Wilson Disease

Also called: Copper storage disease, Hepatolenticular degeneration

Wilson disease is a rare inherited disorder that prevents your body from getting rid of extra copper. You need a small amount of copper from food to stay healthy. Too much copper is poisonous.

Normally, your liver releases extra copper into bile, a digestive fluid. With Wilson disease, the copper builds up in your liver, and it releases the copper directly into your bloodstream. This can cause damage to your brain, kidneys, and eyes.

Wilson disease is present at birth, but symptoms usually start between ages 5 and 35. It first attacks the liver, the central nervous system or both. The most characteristic sign is a rusty brown ring around the cornea of the eye. A physical exam and laboratory tests can diagnose it.

Treatment is with drugs to remove the extra copper from your body. You need to take medicine and follow a low-copper diet for the rest of your life. Don't eat shellfish or liver, as these foods may contain high levels of copper. At the beginning of treatment, you'll also need to avoid chocolate, mushrooms, and nuts. Have your drinking water checked for copper content and don't take multivitamins that contain copper.

With early detection and proper treatment, you can enjoy good health.

NIH: National Institute of Diabetes and Digestive and Kidney Diseases

Symptoms of Wilson Disease

The following features are indicative of Wilson Disease:
  • fatigue
  • abdominal pain
  • lack of appetite
  • jaundice
  • tendency to bruise easily
  • fluid buildup in the legs or abdomen
  • problems with speech, swallowing or physical coordination
  • uncontrolled movements
It is possible that Wilson Disease shows no physical symptoms and still is present in a patient.

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Common Causes of Wilson Disease

The following are the most common causes of Wilson Disease:
  • genetic mutation

Risk Factors for Wilson Disease

The following factors may increase the likelihood of Wilson Disease:
  • family history

Prevention of Wilson Disease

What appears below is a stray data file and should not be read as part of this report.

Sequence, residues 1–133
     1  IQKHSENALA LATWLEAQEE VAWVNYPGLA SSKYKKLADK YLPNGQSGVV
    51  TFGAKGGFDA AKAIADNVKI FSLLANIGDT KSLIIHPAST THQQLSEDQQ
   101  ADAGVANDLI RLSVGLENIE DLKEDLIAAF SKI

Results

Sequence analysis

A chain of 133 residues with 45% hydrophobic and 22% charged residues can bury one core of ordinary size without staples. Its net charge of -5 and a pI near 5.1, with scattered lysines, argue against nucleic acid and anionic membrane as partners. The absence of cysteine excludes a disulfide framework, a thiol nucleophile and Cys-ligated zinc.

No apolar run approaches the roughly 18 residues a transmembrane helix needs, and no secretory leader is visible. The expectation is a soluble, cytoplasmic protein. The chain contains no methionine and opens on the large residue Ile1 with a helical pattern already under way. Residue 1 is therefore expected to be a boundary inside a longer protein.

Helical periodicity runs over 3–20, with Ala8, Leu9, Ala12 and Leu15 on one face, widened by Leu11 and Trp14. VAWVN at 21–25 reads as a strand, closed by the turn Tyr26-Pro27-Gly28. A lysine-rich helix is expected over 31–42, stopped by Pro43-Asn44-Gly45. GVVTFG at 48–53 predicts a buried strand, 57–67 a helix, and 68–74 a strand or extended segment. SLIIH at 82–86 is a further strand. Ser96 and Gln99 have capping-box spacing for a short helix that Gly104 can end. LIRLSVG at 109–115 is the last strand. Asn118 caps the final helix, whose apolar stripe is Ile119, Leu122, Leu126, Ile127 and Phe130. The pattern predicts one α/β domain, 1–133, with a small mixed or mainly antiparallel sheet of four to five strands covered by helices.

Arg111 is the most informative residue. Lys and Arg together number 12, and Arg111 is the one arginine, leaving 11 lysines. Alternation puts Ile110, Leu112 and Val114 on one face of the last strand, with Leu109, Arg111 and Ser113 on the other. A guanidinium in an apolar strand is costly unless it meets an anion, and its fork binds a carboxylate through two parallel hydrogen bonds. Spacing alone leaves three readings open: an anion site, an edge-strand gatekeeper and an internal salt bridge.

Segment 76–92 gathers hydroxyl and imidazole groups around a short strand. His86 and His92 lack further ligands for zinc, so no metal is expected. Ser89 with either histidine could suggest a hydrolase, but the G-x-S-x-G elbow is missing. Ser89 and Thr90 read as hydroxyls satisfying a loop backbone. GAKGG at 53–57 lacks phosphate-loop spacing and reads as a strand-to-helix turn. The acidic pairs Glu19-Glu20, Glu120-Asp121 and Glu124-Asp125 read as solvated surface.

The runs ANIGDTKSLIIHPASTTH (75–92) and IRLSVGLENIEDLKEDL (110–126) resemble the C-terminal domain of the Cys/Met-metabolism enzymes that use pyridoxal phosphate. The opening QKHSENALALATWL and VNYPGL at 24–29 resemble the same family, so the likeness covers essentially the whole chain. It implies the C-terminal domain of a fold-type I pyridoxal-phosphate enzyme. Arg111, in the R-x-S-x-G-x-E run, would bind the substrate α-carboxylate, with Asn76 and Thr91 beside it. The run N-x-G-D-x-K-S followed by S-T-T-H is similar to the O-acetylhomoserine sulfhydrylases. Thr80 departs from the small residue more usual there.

Yes, it may be possible to prevent Wilson Disease. Prevention may be possible by doing the following:
  • genetic counseling

Occurrence of Wilson Disease

Number of Cases

The following are the number of Wilson Disease cases seen each year worldwide:
  • Not common between 50K - 500K cases

Common Age Group

Wilson Disease can occur at any age.

Common Gender

Wilson Disease can occur in any gender.

Lab Tests and Procedures for Diagnosis of Wilson Disease

The following lab tests and procedures are used to detect Wilson Disease:
  • Blood and urine tests: To monitor your liver function and check the copper levels in your blood
  • Eye exam: To evaluate golden-brown discoloration in your eyes
  • Liver biopsy: To test for excess copper
  • Genetic testing: To detect the genetic mutations that cause Wilson's disease

Doctor for Diagnosis of Wilson Disease

Patients should visit the following specialists if they have symptoms of Wilson Disease:
  • General practitioner
  • Hepatologist

Complications of Wilson Disease if untreated

Yes, Wilson Disease causes complications if it is not treated. Below is the list of complications and problems that may arise if Wilson Disease is left untreated:
  • cirrhosis
  • liver failure
  • persistent neurological difficulty
  • kidney problems
  • psychological problems

Procedures for Treatment of Wilson Disease

The following procedures are used to treat Wilson Disease:
  • Surgery: To eliminate the diseased liver and replace it with a healthy liver

Self-care for Wilson Disease

The following self-care actions or lifestyle changes may help in the treatment or management of Wilson Disease:
  • Limit the amount of copper in your diet: Protects you from developing Wilson disease
  • Avoid multivitamins that contain copper: Helpful in preventing Wilson disease

Alternative Medicine for Treatment of Wilson Disease

The following alternate medicine and therapies are known to help in the treatment or management of Wilson Disease:
  • Physical therapy: Helps in managing the symptoms of Wilson disease

Patient Support for Treatment of Wilson Disease

The following actions may help Wilson Disease patients:
  • Join support groups: Helps in coping with the disease

Time for Treatment of Wilson Disease

While time-period of treatment for each patient may vary, below is the typical time-period for Wilson Disease to resolve if treated properly under an expert supervision:
  • More than 1 year

Related Topics

Last updated date

This page was last updated on 2/04/2019.
This page provides information for Wilson Disease.

Related Topics

Wilson Disease